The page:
There are several fatal flaws with Killian's theory, even if we assume that RMC abdicated its role as claims fiduciary in violation of the Royal Plan. Killian has not alleged that the nature of the relationship between RMC and CHPIC-whatever it is-caused him any harm. He complains that the parties neglected to communicate with each other and that RMC's human resources department had no idea how to comply with ERISA. That may be, but neither of these alleged problems worked to his disadvantage. Moreover, to the extent that he argues that RMC and CHPIC are liable for the benefits denial, this claim cannot stand. As discussed above, CHPIC's decision was not arbitrary and capricious. Furthermore, even if CHPIC was wrong, "it takes more than a mistaken decision by the claims administrator to establish a breach of fiduciary duty claim." Mondry v. Am. Family Mut. Ins. Co., 557 F.3d 781, 805 (7th Cir. 2009); see Lister v. Stark, No. 88 C 9801, 1989 WL 88241, at *6 (N.D. Ill. Aug. 1, 1989) (refusing to recognize a fiduciary duty claim based on a simply denial of benefits because "[t]o breach one's fiduciary duty, an ERISA trustee must do more (and worse) than wrongfully construing the plan provisions"), rev'd in part on other grounds, 942 F.2d 1183 (7th Cir. 1991).

Killian's claim based on RMC's failure to publish certain materials also fails. Killian laments that RMC failed to provide a list of network providers, as well as an SPD that complied with ERISA. (Resp. to RMC MSJ at 8--9; Compl. at 9--11.) "[W]hile there is a duty to provide accurate information under ERISA, negligence in fulfilling that duty is not actionable." Vallone v. CNA Fin. Corp., 375 F.3d 623, 642 (7th Cir. 2004); Kannapien, 507 F.3d at 639. Indeed, "[a]n employer's procedural violations of ERISA entitle employees to monetary relief only in exceptional circumstances." Kreutzer v. A.O. Smith Corp., 951 F.2d 739, 743 (7th Cir. 1991); Jackson v. E.J. Brach Corp., 176 F.3d 971, 979 (7th Cir. 1999). Exceptional circumstances exist and would give rise to a cause of action only upon "a showing of bad faith, active concealment or detrimental reliance." Andersen v. Chrysler Corp., 99 F.3d 846, 859 (7th Cir. 1996); Jackson, 176 F.3d at 979; Kreutzer, 951 F.2d at 743.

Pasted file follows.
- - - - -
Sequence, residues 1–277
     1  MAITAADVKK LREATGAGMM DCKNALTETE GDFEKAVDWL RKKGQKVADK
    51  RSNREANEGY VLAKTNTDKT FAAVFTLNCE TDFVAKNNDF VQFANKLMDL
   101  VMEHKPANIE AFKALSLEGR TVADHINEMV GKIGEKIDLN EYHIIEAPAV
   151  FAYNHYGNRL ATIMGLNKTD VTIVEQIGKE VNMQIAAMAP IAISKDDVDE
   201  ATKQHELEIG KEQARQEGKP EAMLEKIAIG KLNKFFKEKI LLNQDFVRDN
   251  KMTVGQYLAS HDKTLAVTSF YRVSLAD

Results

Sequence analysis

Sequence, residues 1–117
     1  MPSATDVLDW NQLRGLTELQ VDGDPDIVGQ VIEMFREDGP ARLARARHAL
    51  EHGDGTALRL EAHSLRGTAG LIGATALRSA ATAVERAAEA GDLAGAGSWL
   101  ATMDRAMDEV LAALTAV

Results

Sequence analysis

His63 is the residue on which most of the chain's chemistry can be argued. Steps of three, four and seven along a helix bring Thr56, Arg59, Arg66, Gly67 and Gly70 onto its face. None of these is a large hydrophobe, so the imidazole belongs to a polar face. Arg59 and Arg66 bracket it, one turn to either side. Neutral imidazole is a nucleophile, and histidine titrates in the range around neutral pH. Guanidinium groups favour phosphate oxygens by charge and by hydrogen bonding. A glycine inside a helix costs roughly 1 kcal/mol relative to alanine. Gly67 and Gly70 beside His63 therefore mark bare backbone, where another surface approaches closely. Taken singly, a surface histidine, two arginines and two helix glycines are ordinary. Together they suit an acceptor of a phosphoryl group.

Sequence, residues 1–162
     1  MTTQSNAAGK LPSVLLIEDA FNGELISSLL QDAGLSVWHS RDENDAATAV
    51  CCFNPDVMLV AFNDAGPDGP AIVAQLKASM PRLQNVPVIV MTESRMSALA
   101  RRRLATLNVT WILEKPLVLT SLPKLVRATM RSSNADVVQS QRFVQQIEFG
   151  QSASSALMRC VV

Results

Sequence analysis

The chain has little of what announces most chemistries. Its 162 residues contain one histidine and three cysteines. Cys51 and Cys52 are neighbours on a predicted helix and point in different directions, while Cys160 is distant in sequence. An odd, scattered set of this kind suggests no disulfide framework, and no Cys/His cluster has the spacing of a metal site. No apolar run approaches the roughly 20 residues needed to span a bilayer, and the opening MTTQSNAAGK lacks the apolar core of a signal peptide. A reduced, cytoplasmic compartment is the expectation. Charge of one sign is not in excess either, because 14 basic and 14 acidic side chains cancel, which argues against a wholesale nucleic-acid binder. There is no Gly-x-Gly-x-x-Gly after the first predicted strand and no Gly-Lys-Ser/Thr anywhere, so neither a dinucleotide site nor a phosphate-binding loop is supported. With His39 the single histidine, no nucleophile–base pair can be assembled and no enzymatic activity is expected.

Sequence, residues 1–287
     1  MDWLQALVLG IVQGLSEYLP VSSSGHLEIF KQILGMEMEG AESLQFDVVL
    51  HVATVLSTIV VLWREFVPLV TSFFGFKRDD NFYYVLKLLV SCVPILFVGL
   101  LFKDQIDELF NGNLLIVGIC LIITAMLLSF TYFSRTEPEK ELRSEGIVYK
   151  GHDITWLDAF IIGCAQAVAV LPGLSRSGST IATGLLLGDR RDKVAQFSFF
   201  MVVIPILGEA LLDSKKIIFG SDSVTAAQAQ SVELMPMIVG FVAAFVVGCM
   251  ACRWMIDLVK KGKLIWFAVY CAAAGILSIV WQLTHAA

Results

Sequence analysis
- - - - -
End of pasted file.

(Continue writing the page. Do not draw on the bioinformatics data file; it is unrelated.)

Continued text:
We have no evidence of such circumstances before us. Killian has not alleged-and there is no evidence-that RMC or CHPIC acted in bad faith. Killian alleges that RMC "knew that its failure to carry out its duties... would harm" participants, (Compl. at 11), but this wholly unsubstantiated allegation does not demonstrate bad faith or prove that Defendants intended to mislead or deceive participants. See Vallone, 375 F.3d at 642 (affirming dismissal of breach of fiduciary duty claim where plaintiff had no evidence that the employer "purposefully intended to confuse plan participants"); Honeysett v. Allstate Ins. Co., 570 F. Supp. 2d 994, 1000 (N.D. Ill. 2008) (noting that where communications to plan participants are inaccurate or incomplete, "evidence that the fiduciaries intended to mislead the participants can establish a violation of the duty of loyalty"). Killian contends he suffered harm because he still owes $80,000 in medical bills. (Resp. to RMC MSJ at 11.) While unfortunate, that fact alone is not proof of bad faith, purposeful concealment or detrimental reliance. It is undisputed that Killian and his wife made the decision to seek treatment at Rush without consulting the COI, SPD or any other source and without confirming whether Susan's providers fell within her network. (Resp. to CHPIC Facts ¶ 36; CHPIC Facts, Ex. R, Killian Dep. at 54--55, 137--39.) Accordingly, the Killians did not rely on any statement made by RMC (or CHPIC) to their detriment. RMC and CHPIC are thus entitled to summary judgment on the breach of fiduciary duty claims.


For the reasons set forth above, we grant CHPIC's motion in its entirety. The Royal Defendants' motion is granted in part, and denied in part. All that remains of this case is Killian's claim against RMC under 29 U.S.C. § 1132(c), based on (1) the insufficiency of the EBS as an SPD; and (2) RMC's alleged failure to provide Killian with a copy of the Policy.*fn24

We order Killian to file a memorandum addressing any remedy he seeks for RMC's violation of 29 U.S.C. § 1024(b)(4) relating to the SPD, on or by July 16, 2010. RMC may respond no later than July 30, 2010, and Killian may submit a reply no later than August 6, 2010. The status call set for July 22, 2010 is vacated and reset for September 2, 2010 at 10:30 a.m. It is so ordered.

Honorable Marvin E. Aspen U.S. District Court Judge